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Monofilament
Posted December 6, 2017 | 8:34 AM

End of the Line

PVC tubes encourage proper disposal of fishing line, saving creatures' lives

Discarded monofilament fishing line is the scourge of seabirds and other coastal creatures. It can become entangled in wings, fins, and fur, restricting movement.

Hillsborough County and Keep Tampa Bay Beautiful want to help prevent these sometimes fatal encounters. They are placing tubes at boat-launch sites and in waterfront parks frequented by fishermen.

The idea is for people to gather their used line and shove it into the PVC tubes, rather than toss monofilament snarls overboard or allow them to waft away in a breeze. The beneficiaries are birds, mammals, and fish that won't become entwined in the line.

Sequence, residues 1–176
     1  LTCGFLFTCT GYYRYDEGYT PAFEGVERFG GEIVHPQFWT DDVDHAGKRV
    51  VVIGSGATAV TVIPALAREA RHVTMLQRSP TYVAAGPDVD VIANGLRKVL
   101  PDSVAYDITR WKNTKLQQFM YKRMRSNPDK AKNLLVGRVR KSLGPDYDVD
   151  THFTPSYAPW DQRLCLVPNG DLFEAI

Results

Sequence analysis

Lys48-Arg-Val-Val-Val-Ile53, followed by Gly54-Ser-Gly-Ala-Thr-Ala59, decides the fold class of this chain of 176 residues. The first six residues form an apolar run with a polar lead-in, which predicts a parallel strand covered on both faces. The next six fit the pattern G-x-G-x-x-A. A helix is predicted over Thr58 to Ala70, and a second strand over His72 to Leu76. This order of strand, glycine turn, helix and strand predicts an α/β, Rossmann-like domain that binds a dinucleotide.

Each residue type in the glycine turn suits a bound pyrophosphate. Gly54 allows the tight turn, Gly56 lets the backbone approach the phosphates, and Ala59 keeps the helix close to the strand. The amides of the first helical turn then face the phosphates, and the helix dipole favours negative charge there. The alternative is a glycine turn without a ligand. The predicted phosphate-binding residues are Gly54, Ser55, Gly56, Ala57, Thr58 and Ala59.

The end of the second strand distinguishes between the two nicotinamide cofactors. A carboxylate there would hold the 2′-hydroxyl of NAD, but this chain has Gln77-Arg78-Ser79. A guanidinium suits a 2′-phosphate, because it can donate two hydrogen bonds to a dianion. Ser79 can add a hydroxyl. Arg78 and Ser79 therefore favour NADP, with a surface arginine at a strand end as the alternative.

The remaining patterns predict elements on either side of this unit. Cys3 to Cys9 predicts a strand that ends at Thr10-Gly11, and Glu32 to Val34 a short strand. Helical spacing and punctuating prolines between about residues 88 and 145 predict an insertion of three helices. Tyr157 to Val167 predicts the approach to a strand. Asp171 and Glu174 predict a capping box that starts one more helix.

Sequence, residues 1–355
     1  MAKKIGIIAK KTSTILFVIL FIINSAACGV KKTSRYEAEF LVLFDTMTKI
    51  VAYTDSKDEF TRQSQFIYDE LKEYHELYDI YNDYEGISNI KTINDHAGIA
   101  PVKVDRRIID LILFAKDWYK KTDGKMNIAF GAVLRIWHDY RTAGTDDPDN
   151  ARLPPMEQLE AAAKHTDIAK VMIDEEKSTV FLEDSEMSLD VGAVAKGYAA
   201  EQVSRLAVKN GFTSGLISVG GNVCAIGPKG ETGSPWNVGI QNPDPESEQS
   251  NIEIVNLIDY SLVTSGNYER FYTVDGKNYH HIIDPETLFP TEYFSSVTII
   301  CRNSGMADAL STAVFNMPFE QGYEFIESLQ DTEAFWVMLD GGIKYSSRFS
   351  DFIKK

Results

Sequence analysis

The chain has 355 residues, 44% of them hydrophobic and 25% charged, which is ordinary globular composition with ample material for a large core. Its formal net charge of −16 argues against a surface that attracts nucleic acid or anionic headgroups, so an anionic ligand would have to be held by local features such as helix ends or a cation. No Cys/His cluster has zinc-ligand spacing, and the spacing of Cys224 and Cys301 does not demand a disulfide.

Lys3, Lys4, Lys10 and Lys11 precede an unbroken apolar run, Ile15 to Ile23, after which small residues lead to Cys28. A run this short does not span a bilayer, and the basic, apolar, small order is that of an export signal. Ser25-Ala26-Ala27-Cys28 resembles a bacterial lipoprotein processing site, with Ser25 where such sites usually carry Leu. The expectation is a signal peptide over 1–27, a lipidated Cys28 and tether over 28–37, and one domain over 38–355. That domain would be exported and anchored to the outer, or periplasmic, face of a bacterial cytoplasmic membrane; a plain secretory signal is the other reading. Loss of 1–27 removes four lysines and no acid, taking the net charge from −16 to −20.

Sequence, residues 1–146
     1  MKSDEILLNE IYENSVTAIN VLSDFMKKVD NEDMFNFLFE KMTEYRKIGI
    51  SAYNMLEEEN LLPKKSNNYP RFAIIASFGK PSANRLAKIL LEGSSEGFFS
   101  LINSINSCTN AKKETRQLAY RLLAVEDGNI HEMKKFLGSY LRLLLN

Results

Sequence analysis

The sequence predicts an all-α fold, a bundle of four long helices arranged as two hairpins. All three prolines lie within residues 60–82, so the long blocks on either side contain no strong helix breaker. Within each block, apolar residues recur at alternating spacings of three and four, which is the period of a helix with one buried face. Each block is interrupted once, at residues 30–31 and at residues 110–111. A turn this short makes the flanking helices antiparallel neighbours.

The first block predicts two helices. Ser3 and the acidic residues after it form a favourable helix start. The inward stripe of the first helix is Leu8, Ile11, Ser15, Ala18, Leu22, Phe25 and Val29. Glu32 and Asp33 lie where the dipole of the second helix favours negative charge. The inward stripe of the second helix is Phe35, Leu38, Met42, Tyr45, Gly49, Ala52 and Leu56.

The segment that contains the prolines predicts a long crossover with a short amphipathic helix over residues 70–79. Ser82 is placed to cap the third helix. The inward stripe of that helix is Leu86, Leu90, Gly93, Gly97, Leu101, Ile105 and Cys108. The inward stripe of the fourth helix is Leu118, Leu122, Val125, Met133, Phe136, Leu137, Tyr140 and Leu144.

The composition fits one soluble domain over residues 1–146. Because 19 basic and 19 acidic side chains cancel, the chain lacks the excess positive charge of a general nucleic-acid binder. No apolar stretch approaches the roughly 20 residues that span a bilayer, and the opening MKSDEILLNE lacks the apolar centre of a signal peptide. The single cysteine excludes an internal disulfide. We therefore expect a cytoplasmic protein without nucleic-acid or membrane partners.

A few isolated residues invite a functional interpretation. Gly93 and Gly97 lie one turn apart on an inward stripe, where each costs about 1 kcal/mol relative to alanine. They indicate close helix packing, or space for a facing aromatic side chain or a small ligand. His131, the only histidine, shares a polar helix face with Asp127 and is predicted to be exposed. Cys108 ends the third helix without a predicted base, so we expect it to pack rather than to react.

Keep Tampa Bay Beautiful, along with Hillsborough County Conservation & Environmental Lands Management and the city of Tampa, will install a total of 60 tubes in parks and at boat ramps with access to bays, rivers, lakes, or ponds. They hope groups and individuals will "adopt" the tubes, emptying and recycling their contents. Learn how to get involved.

Fishermen may place both standard monofilament and braided line in the Monofilament Recycling Bins.

These aren't the first such containers at County parks. Earlier versions were larger and people often mistook them for trash receptacles. The new tubes have smaller openings for old fishing line, and are designed to make their purpose clear.

Photo Information: The new Monofilament Recycling Bins have smaller openings than existing receptacles to discourage people from thinking they are ordinary trash containers.